But Tom Valentine didn’t move. Kat hadn’t really thought he would. She stood ramrod straight next to him, heart racing as the car door opened and a familiar figure slid out. Tall, lean, and supremely confident, he straightened, turned, and looked right at her. Their eyes locked and longing swamped her, despite her attempts to push it away. To safeguard her far too-fragile heart.
“I don’t recognize him at all.” Her father turned a keen gaze onto her. “But he seems to know you, Kat. Who is it? Friend of yours?”
Had she really thought she could just leave her life behind and come home with no repercussions? That the past wouldn’t catch up with her?
“I…” she managed through dry, cracked lips, but it was already too late. He was right here.
“Hi.” The deep burr of his voice vibrated through her and her chest tightened at the sound, every nerve ending tingling at the achingly familiar Scottish accent. “Fancy seeing you here.” He turned slowly. “So this is Mountain View? I have to hand it to you, Kat. It’s as beautiful as you said.”
“Kat? Do you know this man?” The confusion in her father’s voice shattered the spell the Scot always cast on her and panic shot through her, reality hitting home hot and sudden. She blinked, not knowing how to answer. The truth was here, was catching up with her, and all she wanted to do was run and hide in the stables, just as she had when she was a little girl and life seemed harder than she knew how to navigate.
She leaned closer to her father, away from the Scot, as if she could put the ocean back in place between them. Green eyes flared hot, just for a moment, before the old easy expression slid over his face. “Dad, this is James McKendrick. Jamie, this is my father, Tom Valentine.”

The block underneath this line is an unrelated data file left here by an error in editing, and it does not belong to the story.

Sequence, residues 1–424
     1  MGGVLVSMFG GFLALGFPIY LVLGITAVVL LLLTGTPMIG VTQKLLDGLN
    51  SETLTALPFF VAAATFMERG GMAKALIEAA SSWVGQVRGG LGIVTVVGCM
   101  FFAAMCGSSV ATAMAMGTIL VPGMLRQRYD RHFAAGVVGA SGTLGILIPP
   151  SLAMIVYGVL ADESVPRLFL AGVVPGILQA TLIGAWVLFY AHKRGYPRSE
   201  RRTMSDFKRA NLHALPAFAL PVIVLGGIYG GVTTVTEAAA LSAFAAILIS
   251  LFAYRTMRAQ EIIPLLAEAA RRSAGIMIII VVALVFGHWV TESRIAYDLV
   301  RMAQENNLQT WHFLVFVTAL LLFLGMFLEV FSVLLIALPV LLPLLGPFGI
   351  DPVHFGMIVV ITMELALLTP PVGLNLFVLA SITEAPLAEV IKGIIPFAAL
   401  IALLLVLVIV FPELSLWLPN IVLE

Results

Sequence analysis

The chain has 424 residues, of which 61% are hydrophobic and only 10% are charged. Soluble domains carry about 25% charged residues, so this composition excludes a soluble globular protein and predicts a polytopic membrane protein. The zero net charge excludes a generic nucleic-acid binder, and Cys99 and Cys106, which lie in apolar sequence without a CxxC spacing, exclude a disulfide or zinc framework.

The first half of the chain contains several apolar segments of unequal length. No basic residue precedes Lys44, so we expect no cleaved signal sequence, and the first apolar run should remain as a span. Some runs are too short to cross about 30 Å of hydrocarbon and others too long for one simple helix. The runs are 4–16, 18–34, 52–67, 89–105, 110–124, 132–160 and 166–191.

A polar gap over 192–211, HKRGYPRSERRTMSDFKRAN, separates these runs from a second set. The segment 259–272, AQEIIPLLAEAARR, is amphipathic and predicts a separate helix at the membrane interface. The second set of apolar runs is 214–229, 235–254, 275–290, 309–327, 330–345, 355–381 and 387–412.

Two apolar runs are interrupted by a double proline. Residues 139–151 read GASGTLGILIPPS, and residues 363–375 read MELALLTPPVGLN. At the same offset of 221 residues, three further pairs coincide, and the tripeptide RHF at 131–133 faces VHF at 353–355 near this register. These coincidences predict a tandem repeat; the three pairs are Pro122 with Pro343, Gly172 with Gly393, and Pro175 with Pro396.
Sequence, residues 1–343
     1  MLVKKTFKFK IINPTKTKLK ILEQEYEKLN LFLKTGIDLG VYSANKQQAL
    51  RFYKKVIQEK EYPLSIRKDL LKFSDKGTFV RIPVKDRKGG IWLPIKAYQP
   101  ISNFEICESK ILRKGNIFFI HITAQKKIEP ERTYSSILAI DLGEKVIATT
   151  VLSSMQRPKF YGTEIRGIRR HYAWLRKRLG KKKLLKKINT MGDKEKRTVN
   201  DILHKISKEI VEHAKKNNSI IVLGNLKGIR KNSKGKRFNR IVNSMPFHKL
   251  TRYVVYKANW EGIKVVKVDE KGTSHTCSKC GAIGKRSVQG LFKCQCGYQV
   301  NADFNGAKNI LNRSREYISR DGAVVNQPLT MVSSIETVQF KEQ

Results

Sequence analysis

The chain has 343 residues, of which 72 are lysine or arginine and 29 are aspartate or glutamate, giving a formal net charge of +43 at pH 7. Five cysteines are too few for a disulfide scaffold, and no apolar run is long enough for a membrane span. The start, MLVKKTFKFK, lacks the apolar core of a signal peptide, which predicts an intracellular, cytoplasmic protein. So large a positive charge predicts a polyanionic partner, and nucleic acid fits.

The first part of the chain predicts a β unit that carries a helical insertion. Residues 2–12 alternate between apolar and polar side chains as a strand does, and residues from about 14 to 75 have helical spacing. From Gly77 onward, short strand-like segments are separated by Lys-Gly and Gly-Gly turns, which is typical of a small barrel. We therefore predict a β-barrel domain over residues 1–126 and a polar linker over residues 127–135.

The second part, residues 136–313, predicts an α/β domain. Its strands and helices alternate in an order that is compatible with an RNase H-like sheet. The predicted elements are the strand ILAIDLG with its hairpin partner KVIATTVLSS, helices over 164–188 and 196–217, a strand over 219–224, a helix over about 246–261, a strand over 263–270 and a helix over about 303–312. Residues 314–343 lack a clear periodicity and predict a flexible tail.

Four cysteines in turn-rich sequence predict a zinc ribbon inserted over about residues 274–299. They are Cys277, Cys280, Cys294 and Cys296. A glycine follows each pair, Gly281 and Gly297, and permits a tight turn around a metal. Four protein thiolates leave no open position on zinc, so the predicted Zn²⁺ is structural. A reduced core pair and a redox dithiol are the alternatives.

Jamie’s smile was polite and friendly, as if this was just another social occasion. “Nice to meet you, sir. I’ve heard a lot about you.”
Kat couldn’t watch the two men size each other up, focusing on her booted feet as her father responded. “All lies, I’m sure. So, you’re a friend of Kat’s? Nice of you to come by and look her up.”
Kat concentrated hard on her boots, powerless to stop the words she knew would come next, the quick glance Jamie shot her burning straight through her thin cotton shirt. “I wouldn’t say we were exactly friends. Would you, Kat?” She raised her head at the cutting tone, and saw his mouth tighten the moment he noted her bare left hand. “And I didn’t come here to look her up. I came here to retrieve my wife.”
Damn it. Jamie was usually a master at controlling his temper, but it seemed that a twenty-hour journey after six weeks of radio silence from the woman who had promised to love and honor him was enough to strip away that civilized veneer. Noting the shock—and disappointment—settle on Tom Valentine’s face he cursed again. It was hard to imagine a worst introduction to his father-in-law. But much worse was the way Kat had flinched when he spoke. Flinched away from him. Away from the truth of their marriage.
Or what remained of it.